Monday, 1 April 2013
Local Heroes: Another Cycling Storey!
Bournemouth Arrow cycling club old-timer, Dave Moss called him “young Barney Storey” and still does. "Mossy" had been around cycling long enough to spot talent and he liked what he saw as the 12 year old cleaned up at the Poole Park track league on a bike borrowed from the Dorset Cycling Development group. (DCDG).
“It was £3 for a win, £2 for second and a £1 for third, the local fish & chip shop then sponsored the event, it was an absolute money maker for a 12 year old, £9 for the win! All my components in those early days came from prize money.”
Like most kids, Storey’s first love was football but he was mucking about on a mountain bike and was persuaded to join Bournemouth Jubilee Wheelers He recorded 30:20 in a club 10 on his first road bike, a Falcon with suntour index gears, a bike on which older Brother Andy would take him into the Purbeck hills for 4 hour rides, “mum & dad would be in major panic mode when we failed to return after an hour!”
He is acutely aware without the availability of facilities and equipment he may never had got so far. “Without the DCDG, I would never have found the track, we were not really well off and my parents would not have bought me a track bike, it was really, really important”. By the time he was 16 Storey was unbeatable at the short distances, especially on his pride and joy, a second-hand Raleigh 531 yellow track bike. “I absolutely loved it and I was getting physically stronger so I could keep up in the endurance races as well. I was doing all the town centre circuit races by now, in my last school boy race I beat James Taylor, that was a penny dropping moment for me, James was a multi-national champion and was winning everything in those days.” A career as a buildings inspector for the local authority beckoned and at 18 there were more attractive options than bike racing. “I kept riding a bike but not very quickly” As well as the track, the road had always appealed to Storey and it was the road that helped him regain his focus. Castle Combe, Thruxton, Goodwood and Barnsfield all contributed to his apprentiship. “Racing at Goodwood, Andy was basically my domestique, Andy was leathering himself and I would try to clean up all the prime’s, if we got a win as well that would pay for the curry on the way home. It was as mercenary as that”.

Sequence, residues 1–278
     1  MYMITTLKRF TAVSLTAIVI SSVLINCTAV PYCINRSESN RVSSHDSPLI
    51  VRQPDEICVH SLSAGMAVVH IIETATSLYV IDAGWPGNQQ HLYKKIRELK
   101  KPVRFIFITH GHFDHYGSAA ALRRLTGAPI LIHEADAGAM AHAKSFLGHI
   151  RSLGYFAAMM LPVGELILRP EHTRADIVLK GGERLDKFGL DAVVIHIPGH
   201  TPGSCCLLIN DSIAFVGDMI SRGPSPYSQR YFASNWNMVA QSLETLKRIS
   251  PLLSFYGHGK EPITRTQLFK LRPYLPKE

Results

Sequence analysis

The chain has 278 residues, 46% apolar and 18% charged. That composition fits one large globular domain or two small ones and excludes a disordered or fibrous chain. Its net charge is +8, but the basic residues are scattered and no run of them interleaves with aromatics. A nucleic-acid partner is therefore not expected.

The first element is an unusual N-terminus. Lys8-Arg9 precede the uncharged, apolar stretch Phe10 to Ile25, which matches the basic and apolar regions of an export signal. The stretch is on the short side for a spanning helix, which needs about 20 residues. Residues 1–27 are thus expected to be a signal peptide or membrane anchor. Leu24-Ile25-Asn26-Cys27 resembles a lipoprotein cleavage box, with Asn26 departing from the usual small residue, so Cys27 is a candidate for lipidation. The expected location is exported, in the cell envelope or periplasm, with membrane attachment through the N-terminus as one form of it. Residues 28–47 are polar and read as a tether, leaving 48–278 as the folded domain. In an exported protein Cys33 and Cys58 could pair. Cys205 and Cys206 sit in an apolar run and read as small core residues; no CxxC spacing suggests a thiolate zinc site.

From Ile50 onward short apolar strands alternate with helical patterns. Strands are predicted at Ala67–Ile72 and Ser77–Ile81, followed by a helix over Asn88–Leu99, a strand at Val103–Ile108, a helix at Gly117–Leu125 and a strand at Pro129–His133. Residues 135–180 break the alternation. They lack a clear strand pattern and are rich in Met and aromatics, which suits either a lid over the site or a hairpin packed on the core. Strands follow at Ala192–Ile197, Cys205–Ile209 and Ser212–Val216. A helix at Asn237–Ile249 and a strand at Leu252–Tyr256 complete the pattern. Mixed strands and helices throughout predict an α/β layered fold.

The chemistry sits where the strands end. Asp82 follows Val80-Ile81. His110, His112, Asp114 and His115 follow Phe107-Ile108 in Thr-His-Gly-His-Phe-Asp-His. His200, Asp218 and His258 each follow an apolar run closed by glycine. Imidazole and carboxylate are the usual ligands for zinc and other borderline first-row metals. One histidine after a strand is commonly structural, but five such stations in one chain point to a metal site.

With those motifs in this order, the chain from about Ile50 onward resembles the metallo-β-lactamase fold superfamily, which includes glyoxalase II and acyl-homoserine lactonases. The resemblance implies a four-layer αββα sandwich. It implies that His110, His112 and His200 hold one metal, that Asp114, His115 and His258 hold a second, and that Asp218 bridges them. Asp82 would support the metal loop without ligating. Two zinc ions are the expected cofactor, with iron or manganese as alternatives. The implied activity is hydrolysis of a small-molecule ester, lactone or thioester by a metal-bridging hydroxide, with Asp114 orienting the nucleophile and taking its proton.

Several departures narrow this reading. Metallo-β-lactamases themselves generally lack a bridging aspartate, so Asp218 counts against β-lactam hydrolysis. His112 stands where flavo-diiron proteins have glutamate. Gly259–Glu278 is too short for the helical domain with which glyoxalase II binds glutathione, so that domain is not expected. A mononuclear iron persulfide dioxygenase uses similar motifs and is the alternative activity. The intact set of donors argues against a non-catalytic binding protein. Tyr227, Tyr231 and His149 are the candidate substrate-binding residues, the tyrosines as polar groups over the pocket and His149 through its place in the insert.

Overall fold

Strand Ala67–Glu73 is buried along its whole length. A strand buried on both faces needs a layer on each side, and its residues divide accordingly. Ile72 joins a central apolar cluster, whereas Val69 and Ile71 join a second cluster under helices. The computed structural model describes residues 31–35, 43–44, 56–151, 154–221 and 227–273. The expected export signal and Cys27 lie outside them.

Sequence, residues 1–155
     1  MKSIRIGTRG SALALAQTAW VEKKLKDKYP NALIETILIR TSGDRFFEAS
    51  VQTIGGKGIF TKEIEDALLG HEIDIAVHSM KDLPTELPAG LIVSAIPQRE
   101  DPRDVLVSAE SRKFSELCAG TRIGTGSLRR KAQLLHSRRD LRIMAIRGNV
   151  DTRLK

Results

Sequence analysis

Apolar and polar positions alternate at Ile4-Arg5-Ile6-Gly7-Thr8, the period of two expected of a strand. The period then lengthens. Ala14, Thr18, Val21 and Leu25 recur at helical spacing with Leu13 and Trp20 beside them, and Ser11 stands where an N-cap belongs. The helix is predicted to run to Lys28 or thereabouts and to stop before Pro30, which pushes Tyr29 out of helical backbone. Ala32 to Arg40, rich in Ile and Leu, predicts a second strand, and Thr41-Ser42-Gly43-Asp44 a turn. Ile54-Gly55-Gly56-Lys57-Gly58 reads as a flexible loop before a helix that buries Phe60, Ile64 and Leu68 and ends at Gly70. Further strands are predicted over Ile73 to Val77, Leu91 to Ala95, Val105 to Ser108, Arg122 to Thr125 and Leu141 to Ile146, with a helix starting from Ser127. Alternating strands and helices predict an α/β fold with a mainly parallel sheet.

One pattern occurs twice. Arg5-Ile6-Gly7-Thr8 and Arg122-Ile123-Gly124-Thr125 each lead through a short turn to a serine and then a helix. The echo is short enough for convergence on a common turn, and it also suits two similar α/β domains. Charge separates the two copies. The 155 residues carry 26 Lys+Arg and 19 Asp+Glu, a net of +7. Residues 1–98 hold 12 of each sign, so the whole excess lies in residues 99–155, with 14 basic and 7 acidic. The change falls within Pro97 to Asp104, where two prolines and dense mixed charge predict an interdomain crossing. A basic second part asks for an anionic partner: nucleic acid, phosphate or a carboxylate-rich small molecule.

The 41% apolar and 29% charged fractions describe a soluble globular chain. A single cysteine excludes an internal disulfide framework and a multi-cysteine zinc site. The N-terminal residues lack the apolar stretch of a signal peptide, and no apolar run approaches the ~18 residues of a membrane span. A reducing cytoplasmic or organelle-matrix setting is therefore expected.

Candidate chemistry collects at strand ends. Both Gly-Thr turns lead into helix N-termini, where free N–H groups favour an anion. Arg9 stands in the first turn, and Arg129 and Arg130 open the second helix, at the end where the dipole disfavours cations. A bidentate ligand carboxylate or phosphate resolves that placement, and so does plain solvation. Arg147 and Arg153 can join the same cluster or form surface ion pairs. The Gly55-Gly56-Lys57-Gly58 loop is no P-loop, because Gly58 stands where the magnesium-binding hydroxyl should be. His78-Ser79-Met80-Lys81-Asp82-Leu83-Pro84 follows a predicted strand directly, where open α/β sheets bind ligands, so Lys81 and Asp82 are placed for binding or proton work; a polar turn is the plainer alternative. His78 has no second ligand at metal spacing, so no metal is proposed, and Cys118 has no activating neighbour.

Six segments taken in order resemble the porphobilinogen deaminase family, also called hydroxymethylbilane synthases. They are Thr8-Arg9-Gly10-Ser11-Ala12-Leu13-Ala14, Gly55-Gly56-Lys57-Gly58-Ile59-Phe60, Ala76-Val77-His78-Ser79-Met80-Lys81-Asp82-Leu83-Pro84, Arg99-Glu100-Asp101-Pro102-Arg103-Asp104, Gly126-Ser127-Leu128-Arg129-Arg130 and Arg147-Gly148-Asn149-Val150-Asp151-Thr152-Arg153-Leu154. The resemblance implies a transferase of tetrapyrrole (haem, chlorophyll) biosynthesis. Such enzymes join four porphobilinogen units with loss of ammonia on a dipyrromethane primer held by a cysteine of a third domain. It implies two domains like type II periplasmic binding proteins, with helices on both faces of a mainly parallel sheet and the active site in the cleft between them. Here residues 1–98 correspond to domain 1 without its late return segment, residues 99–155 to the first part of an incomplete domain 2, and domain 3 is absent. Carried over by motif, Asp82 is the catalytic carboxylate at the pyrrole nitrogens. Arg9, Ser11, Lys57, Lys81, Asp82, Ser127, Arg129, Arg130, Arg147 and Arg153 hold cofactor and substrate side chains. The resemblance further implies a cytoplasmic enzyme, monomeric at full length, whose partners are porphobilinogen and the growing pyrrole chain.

Flashback! Andy Storey on the front followed by Barney and owner of Prendas, Mick Tarrant racing for the sprint finish at Thruxton, nr Andover.
Andy was very good to me in the local chippers, he could attack all race and set it up for me, it was really important for both of us” “Local Riders, Local Races” had caught up with Barney in Alcudia, Mallorca. Sitting in the lobby of the Vanity Golf hotel he was clearly enjoying talking about the past but already has an eye on the future. The two week endurance camp for the Para cycling tandem pilot was the first step on the long road to Rio 2016. Jason Queally, Craig Maclean and Pete Mitchell are all knocking on the door, competition is as competitive as ever among'st the pilots and this is on his mind as he starts another block of hill efforts that break up a 4 hour ride.